Another speaker stressed the paramount importance of building national capacity.  Indonesia, for example, had had national machineries in place for the past 27 years, and it had ratified the Women’s Convention and all of the core International Labour Organization (ILO) conventions. Five years ago, it managed to include gender mainstreaming in all aspects of development, under presidential instruction. Just two years ago, the country managed to incorporate gender mainstreaming in macroeconomics, which had been facilitated by the United Nations Development Fund for Women (UNIFEM). The Fund had started at the bottom, came to know the grass roots, and was able to convince the government at the national level.

    Asking why, despite the ILO conventions, gender discrimination persisted in the workplace, she urged the United Nations system to get involved in that problem.  The Indonesian Government needed sex-disaggregated statistics, for which it was important to build national capacity by empowering the Government and civil society organizations, particularly those working in the human rights field.  Also critical was the human rights-based approach.  Without national capacity, civil society’s capacity in the area of human rights would fall short.  The UNIFEM and the ILO should be given the capability to enable women’s economic participation through a rights-based approach that empowered women.

    Another speaker said that in her country, India, a guarantee had been put in place for all to do wage-earning work, and 40 per cent of jobs at the statutory wage rate had been reserved for women.   A State-funded programme on child-care centres had been universalized, and free meals were being provided to elementary school children.  A right of information act had been passed, and during the last budget session, 18 ministers had presented gender budgets to Parliament; the remaining six would do so next year.  The voices of women were being heard.

    In order for women to participate in the development processes, governments had to invest in women, another speaker asserted.  Gender mainstreaming in all policies and development programmes made no sense without appropriate budget allocations.  Such budgeting in Cambodia had started at the women’s ministry, but was not part of the work of all other ministries, since gender mainstreaming was a cross-cutting issue.  She urged the World Bank, the International Monetary Fund (IMF) and all other international development banks to promote gender budgeting in all of their programmes.  After 30 years of civil war, Cambodia, though stable and at peace, still needed some support from the donor community, she said.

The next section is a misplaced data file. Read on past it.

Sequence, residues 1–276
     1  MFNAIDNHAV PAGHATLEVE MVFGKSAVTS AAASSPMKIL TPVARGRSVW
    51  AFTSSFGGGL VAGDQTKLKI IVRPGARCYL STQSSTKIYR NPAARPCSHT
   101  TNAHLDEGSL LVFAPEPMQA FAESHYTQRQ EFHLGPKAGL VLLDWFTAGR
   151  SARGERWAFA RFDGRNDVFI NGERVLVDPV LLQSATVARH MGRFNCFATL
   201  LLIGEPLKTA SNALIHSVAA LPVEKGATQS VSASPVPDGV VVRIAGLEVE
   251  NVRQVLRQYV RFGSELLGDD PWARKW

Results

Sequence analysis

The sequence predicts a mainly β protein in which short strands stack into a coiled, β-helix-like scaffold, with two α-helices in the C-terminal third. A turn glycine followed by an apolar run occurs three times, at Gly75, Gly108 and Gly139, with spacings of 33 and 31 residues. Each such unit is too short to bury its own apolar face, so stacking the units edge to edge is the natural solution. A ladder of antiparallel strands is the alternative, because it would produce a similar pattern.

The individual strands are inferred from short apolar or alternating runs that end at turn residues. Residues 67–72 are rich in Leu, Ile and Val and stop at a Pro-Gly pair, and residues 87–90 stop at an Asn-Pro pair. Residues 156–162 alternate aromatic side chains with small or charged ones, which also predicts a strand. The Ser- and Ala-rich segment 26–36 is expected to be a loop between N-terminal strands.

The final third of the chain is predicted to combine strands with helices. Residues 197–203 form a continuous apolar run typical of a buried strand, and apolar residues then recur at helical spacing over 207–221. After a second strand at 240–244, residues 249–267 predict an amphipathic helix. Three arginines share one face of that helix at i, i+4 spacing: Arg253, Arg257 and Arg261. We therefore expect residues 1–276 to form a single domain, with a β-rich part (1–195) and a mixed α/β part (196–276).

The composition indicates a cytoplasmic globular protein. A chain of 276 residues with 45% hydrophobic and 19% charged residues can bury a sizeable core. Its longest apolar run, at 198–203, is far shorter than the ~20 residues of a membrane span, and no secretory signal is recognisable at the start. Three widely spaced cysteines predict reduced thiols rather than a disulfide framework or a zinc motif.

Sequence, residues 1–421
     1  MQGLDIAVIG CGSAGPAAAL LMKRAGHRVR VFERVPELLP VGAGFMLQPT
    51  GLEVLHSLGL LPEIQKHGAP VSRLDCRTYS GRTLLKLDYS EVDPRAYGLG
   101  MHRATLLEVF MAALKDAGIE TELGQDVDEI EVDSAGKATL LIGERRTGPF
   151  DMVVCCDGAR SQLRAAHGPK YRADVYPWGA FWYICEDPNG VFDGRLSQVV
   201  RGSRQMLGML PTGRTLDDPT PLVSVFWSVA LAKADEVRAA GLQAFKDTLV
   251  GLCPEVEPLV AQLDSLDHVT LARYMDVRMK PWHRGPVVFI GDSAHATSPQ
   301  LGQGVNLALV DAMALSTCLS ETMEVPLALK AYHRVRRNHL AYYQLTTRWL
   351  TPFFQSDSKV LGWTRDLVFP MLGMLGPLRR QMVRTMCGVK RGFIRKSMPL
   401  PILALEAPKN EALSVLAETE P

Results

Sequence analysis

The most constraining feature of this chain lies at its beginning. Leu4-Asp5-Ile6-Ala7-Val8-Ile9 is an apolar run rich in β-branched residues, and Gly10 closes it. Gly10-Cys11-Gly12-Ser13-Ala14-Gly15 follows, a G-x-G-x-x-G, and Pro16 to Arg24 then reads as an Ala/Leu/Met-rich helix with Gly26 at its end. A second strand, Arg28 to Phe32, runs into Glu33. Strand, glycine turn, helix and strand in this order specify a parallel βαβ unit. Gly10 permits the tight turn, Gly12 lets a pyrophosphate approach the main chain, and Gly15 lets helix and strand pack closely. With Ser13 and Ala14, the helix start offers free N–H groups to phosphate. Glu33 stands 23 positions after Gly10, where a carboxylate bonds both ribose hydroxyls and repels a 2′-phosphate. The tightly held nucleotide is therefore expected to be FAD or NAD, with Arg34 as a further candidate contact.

The ultimate goal of the welfare and social services sector plan in Samoa was to improve the quality of life for all, another speaker said.  Delegates attending the Commission’s session sought to take back to their governments recommendations on maintaining and sustaining the integration of the gender perspective in macroeconomic policy in policy-planning frameworks and to ensure the linkages of national development strategies at the sectoral, policy-planning level, the corporate-planning level and, ultimately, the grass-roots level.

    Mr. LEIPZIGER said he had taken the advice to publicize its information more effectively.  He agreed that the migration issue was a bombshell sleeping below the surface.  He disagreed, however, that the public sector was too small in developing countries.

    Ms. USMAN said that, when talking about mainstreaming gender issues, it was necessary to emphasize good macroeconomic policies, measured by realistic exchange rates and best practices in terms of finance and trade.  Most banks had discovered that women paid back loans more than their male counterparts.  Debt relief would offer a fresh start for the people of developing countries.

    Mr. FERRONI said the Inter-American Development Bank had assumed the debt relief bill of the heavily indebted poor countries that were part of borrowing member countries.  The issue of education did vary by country.  On average, things seemed to be moving in the right direction.

    Ms. GHOSH said it would not be possible to achieve sustained macroeconomic policy without active public pressure.  She agreed that Cambodia, with its history, required substantial aid, but it needed aid of the right sort.

    Afternoon Panel

    The first speaker on the panel on “The role of regional and intergovernmental organizations in promoting gender equality” was RAWWIDA BAKSH, Deputy Director/Head of Gender Section in the Social Transformation Programmes Division of the Commonwealth Secretariat.  She explained that the Commonwealth Secretariat was a voluntary organization of 53 independent States, 32 of which were small States.  The Secretariat, which had been established in 1965, had as its primary goals the promotion of international cooperation, peace, democracy and good governance, respect for human rights and the rule of law, gender equality, and poverty eradication through economic and social development.  The Secretariat’s role was to assist, support and promote initiatives by and within member countries to achieve sustainable development beneficial to all.